tiny, fast PRNG

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uint8_t rnd(void) {
static uint8_t s=0xaa,a=0;

        s^=s<<3;
        s^=s>>5;
        s^=a++>>2;
        return s;
}

Tiny and fast 8 bit pseudo random number generator. Period is generally 55552 bytes. You can seed by changing s and/or a, but about 16% of the seeds give much shorter periods and reduced randomness.

Randomness analysis with ent:

bernhard@b:/data/home/bernhard/src/prng$ ./xorshift 0xaa 0 3 5|head -c 1000000|ent
Entropy = 7.999790 bits per byte.

Optimum compression would reduce the size
of this 1000000 byte file by 0 percent.

Chi square distribution for 1000000 samples is 290.74, and randomly
would exceed this value 10.00 percent of the times.

Arithmetic mean value of data bytes is 127.4850 (127.5 = random).
Monte Carlo value for Pi is 3.145164581 (error 0.11 percent).
Serial correlation coefficient is -0.001617 (totally uncorrelated = 0.0).

Last Edited: Sat. Nov 3, 2012 - 06:36 PM
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Cool.

And if you tuned into this Thread you might also like to look at this month's Circuit Cellar, (Nov 2012), where Patrick Schaumont has a nice article on Pseudo Random Number Generators and True Random Number Generators, (PRNGs and TRNGs).

He then did a project using an Altera Cyclone IV FPGA.

Since I don't work with FPGAs I tend to like software approaches, like Darsie's, above.

JC

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This compiles on an express edition vc

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Imagecraft compiler user

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Interesting.

Just coded the world's worst by putting a hundred digits on pi into program memory and reading them out one at a time. It's bad, but it served that specific purpose.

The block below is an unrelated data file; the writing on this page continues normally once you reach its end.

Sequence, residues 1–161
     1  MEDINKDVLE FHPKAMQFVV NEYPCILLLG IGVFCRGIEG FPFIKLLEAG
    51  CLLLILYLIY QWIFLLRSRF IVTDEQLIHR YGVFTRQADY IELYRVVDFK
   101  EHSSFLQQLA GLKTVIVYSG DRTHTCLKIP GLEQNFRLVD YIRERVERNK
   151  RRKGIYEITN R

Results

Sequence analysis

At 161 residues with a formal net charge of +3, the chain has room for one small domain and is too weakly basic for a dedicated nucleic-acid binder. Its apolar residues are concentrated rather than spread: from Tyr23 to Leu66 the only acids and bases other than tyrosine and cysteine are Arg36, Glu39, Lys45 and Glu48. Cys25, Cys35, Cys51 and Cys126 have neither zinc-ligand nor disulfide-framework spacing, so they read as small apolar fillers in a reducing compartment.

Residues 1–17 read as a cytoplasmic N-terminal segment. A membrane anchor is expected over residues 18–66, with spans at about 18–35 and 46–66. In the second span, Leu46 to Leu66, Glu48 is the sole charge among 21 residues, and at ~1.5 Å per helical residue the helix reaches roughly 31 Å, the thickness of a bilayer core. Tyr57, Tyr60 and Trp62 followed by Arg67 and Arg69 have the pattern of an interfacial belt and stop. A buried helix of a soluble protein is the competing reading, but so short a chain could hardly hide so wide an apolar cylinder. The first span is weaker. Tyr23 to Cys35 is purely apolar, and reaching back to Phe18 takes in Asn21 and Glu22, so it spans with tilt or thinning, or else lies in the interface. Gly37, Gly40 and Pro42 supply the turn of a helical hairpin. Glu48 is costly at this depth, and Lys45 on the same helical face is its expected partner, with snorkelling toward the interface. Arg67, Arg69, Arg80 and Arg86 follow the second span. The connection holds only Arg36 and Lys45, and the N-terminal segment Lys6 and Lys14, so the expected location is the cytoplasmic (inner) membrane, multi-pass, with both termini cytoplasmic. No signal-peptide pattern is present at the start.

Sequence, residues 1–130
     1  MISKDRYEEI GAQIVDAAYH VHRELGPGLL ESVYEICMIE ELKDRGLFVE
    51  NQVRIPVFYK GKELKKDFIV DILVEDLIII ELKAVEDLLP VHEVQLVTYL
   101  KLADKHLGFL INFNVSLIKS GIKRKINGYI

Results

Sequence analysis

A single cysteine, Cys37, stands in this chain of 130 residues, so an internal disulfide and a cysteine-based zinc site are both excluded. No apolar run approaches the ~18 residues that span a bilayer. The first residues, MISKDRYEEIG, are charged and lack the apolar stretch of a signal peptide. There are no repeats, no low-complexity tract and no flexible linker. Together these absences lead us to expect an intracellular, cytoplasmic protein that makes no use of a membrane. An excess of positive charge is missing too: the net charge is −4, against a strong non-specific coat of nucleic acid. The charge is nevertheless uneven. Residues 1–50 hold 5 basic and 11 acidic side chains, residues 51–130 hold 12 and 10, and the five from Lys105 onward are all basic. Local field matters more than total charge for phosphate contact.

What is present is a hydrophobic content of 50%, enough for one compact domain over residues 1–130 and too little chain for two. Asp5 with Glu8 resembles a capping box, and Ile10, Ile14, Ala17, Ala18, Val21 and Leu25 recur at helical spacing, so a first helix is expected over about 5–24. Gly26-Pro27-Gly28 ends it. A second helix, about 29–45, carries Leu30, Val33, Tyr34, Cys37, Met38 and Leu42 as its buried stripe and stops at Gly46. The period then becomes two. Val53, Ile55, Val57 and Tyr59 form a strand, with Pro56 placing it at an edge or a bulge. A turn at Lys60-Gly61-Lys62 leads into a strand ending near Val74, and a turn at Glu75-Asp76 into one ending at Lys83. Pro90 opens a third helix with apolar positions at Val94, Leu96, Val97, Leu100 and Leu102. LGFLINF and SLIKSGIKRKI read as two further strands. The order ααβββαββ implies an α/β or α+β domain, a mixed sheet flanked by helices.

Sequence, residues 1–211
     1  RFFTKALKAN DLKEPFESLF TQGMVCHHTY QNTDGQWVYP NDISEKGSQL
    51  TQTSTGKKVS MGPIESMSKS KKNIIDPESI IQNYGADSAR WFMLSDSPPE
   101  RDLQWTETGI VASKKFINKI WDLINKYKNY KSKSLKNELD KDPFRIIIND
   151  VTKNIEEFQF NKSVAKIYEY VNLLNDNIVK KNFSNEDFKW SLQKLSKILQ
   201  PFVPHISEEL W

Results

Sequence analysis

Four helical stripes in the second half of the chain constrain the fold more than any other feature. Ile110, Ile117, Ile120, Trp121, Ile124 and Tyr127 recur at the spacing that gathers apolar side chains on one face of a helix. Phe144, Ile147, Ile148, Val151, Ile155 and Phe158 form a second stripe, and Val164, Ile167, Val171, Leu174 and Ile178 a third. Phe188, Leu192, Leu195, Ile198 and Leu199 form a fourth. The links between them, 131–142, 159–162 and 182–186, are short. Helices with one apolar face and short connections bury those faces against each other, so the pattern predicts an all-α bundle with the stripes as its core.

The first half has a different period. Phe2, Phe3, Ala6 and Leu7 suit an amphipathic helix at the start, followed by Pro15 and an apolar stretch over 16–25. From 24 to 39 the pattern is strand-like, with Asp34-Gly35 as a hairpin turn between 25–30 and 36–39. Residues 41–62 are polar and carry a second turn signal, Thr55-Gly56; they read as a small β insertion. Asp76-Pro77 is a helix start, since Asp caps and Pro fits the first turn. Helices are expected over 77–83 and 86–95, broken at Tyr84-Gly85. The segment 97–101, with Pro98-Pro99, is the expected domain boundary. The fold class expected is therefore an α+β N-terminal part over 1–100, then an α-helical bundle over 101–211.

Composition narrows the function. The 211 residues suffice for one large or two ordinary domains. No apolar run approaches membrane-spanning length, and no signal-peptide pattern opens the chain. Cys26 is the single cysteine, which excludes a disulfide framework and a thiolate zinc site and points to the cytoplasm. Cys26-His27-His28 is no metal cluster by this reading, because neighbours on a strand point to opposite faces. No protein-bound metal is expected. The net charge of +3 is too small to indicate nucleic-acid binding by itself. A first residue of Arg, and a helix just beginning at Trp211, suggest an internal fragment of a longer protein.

Um, I don't really know C very well, what does s^ mean?

 

"We trained hard... but it seemed that every time we were beginning to form up into a team, we would be reorganized. I was to learn later in life that we tend to meet any new situation by reorganizing. And a wonderful method it can be of creating the illusion of progress while producing confusion, inefficiency and demoralization." Petronius Arbiter, approx. 2000 years ago.

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xor

Imagecraft compiler user

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Torby wrote:
Um, I don't really know C very well, what does s^ mean?

s=s+1; is the same as s+=1;
so s^=s<<3; means s=s^(s<<3);

And ^ is xor, as bob said.

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I see. Probably would have seen that if I'd looked at my C reference card.

Wow, learned 2 useful things from this thread.

 

"We trained hard... but it seemed that every time we were beginning to form up into a team, we would be reorganized. I was to learn later in life that we tend to meet any new situation by reorganizing. And a wonderful method it can be of creating the illusion of progress while producing confusion, inefficiency and demoralization." Petronius Arbiter, approx. 2000 years ago.